DSMB, the secretly decision maker


Shafaq news/ in USA, a group probably never heard of holds powerful sway over which coronavirus vaccines will end up on the market.

CNN reported that Members of a Data and Safety Monitoring Board (DSMB) are the only ones who get to look under the hood while a trial is ongoing. They know who has been given a Covid-19 vaccine, and who has gotten a placebo. The very doctors running the trials, the pharmaceutical companies that developed the vaccines, and even the US Food and Drug Administration don't know.

Armed with that secret, only the DSMB can monitor how safe and effective a vaccine is shaping up to be.

“One word from the DSMB and a trial can be stopped. That's what happened to the AstraZeneca trial in early September after a study participant developed neurological symptoms. Shortly after, it came to light that the same trial had been paused briefly in July for similar reasons. While the vaccine trial resumed in the UK, it is still on pause in the US.” CNN said.

Earlier this year, the National Institutes of Health appointed a common DSMB to monitor Covid-19 vaccine clinical trials that are being funded by the federal government under Operation Warp Speed. This DSMB has 10 to 15 members with specialties including vaccine development, statistics and ethics.

“It's not a glamorous or public-facing job.” CNN said, “They're paid only ust $200 per meeting and there are no press conferences, no TV interviews, no fame and no glory.”

That's because members' names aren't typically revealed while trials are in progress to shield them from external pressures.

There's a lot at stake. They scrutinize the data carefully. One word from them, and a vaccine's chances of coming to market could be squashed. Millions of dollars spent on research and development could all be for naught.

The job of the DSMB, as the name suggests, is to monitor the data that comes out of clinical trials.

In clinical trials, there can be thousands, or tens of thousands, of study participants. Some are randomly assigned to receive an intervention -- in this case, the vaccine -- and some receive a placebo.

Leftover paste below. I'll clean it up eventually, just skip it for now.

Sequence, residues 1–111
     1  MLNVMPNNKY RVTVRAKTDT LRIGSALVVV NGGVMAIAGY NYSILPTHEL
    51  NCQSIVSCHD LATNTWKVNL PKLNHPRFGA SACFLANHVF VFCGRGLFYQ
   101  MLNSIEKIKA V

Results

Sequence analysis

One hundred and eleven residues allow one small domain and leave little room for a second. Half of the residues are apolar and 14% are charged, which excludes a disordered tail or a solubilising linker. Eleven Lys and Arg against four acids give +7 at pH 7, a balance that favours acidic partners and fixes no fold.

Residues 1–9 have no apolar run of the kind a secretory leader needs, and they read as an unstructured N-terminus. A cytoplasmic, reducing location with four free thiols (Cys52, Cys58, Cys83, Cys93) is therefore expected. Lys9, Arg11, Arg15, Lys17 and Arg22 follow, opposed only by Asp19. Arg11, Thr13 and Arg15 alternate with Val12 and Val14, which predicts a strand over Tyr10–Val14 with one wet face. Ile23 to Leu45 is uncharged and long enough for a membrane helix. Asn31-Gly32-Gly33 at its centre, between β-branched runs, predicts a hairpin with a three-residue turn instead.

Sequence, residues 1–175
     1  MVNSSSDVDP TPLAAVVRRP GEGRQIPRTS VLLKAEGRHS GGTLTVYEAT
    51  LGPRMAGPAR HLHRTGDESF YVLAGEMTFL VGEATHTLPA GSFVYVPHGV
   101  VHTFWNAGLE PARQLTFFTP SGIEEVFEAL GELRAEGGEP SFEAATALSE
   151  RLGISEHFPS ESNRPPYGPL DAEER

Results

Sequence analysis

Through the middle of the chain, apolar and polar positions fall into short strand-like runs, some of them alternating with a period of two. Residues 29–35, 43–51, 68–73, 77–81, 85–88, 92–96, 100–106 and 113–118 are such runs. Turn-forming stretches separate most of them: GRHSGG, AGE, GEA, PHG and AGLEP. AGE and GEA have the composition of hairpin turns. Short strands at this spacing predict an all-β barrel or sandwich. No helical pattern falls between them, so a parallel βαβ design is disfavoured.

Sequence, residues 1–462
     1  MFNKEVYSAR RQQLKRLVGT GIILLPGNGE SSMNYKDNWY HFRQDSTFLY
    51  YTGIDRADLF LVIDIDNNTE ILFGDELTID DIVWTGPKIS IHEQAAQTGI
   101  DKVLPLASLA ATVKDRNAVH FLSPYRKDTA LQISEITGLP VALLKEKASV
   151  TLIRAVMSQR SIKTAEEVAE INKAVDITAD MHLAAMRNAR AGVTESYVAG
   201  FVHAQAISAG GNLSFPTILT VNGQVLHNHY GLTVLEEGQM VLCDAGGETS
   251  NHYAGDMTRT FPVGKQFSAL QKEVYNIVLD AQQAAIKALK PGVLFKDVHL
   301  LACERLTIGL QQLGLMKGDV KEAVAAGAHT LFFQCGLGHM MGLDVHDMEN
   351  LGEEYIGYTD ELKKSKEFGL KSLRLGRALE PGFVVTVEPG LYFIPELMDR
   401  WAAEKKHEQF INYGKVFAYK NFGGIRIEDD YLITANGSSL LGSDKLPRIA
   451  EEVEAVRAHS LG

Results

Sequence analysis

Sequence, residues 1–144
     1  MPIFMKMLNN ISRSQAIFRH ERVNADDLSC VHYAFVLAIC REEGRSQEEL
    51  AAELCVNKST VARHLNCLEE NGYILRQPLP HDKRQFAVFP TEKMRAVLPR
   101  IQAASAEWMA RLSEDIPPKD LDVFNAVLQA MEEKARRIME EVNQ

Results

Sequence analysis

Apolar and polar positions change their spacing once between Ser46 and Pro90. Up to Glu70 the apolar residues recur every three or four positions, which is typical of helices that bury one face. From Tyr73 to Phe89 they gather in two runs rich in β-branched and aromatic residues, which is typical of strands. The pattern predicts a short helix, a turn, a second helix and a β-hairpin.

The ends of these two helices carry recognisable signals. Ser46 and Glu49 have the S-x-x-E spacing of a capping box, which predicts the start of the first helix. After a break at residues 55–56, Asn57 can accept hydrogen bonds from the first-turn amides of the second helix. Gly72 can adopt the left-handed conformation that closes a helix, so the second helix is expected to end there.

The studies are what's called "double-blinded." The participants don't know which they're getting, and neither do the doctors running the trials.

If a study volunteer has what appears to be a side effect or "adverse event," the DSMB can then looks and see if they received the vaccine or the placebo.

“If it was a placebo, it’s one of these random things,” Susan Elenberg, a member of the DSMB associated with Covid-19, told CNN Chief Medical Correspondent Dr. Sanjay Gupta. “If it was a vaccine, it might still be random, but people have to squeeze their hands and think about how likely a vaccine can cause this kind of event. “


If these events are of sufficient concern, DSMB recommends that the study be discontinued for safety reasons. In clinical trials of the Covid-19 vaccine, the risk is particularly high and can eventually be given to millions of healthy people. This is different from clinical trials involving people who are already ill and have few options.

DSMB also checks for effectiveness at predetermined intervals. If a vaccinated person gets sick almost as often as a placebo vaccinated person, that is not a good sign. The board can recommend that the trial be suspended because it is “useless.”

They could also look at the quality of the data, Elenberg said. DSMBs play an important role in the event of lack of data, dropouts of participants, or inadequate testing.

“Most of the time, the Data Surveillance Commission will say, “Everything looks good, keep going,'” Elenberg said. “But sometimes-you don’t know when … you have to make difficult decisions, and that’s the value of these committees.”

Conversely, if the vaccine appears to be working very well, DSMB recommends that the sponsor submit an application to the FDA prior to the formal completion of the trial in order to bring it to market more quickly.

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